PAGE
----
Urinalysis & Fecal Exams is a routine test that reports the physical and chemical properties of urine. It is used mainly to assess the health of the kidneys and urinary system, but it can also reveal problems in other organ systems, and is important for diagnosing metabolic disease such as diabetes mellitus. It is a valuable test in both healthy and sick animals and should be included in any comprehensive evaluation of a pet's health.
Fecal Exams- Fecal exams are typically recommended to be done annually. However, this can also depend on your dog’s lifestyle and overall health. We will generally recommend a fecal if your dog has diarrhea, bloody stool, is losing weight, scooting or you suspect a parasitic infection. For conditions such as giardia and coccidia infections, repeat fecals are sometimes recommended to determine if treatment was successful.
Fecal testing is also recommended to detect parasitic infections as well as viral or bacterial infections and to look for signs of gastrointestinal bleeding.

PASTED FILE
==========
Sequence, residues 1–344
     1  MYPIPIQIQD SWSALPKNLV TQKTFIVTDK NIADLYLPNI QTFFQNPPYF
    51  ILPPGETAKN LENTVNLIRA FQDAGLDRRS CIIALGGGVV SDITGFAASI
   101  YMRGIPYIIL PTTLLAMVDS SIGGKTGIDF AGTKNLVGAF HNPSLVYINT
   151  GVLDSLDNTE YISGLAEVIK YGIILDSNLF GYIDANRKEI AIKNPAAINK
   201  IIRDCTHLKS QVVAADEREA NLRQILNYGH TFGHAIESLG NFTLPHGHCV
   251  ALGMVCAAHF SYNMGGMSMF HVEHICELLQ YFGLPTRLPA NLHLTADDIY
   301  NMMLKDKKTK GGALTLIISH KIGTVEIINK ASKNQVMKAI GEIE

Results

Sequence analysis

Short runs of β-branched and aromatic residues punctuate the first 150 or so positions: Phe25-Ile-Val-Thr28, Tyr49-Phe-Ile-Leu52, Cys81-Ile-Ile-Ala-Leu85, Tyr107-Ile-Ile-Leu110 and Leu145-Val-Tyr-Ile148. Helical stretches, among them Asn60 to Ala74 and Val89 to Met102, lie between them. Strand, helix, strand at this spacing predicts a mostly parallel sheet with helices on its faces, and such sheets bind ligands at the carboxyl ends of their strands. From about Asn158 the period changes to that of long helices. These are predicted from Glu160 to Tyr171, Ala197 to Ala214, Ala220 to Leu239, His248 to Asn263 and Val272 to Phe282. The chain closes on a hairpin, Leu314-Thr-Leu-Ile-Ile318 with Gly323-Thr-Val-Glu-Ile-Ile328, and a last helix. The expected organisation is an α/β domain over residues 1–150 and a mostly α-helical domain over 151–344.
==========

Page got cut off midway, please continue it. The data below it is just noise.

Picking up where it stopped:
Why are fecal examinations required yearly?
Fecal material is examined both grossly and microscopically. Gross examination of feces involves looking at the texture, color, and presence of blood or adult worms. Microscopic examination allows us to see eggs of internal parasites such as roundworm or tapeworm. It is possible for dogs to carry these parasites without any clinical signs. It is especially important to run this test when there are clinical signs (diarrhea, bloated stomach), which can rule out parasites as being the cause. Unfortunately, due to the life cycle of some parasites, we can miss seeing evidence of them on fecal analysis. We strongly recommend regular deworming as a preventative for this reason, especially if your dog’s lifestyle puts them at a higher risk
If my dog’s urine test reveals a urinary tract infection, what can I do?
If your dog has been diagnosed with a urinary tract infection we may recommend further testing to determine the best choice of antibiotic. A simple urinary tract infection will likely respond to a broad-spectrum antibiotic, whereas a complicated urinary tract infection (due to bladder stones or tumors) will not resolve after a single treatment and will most likely require further diagnostics.
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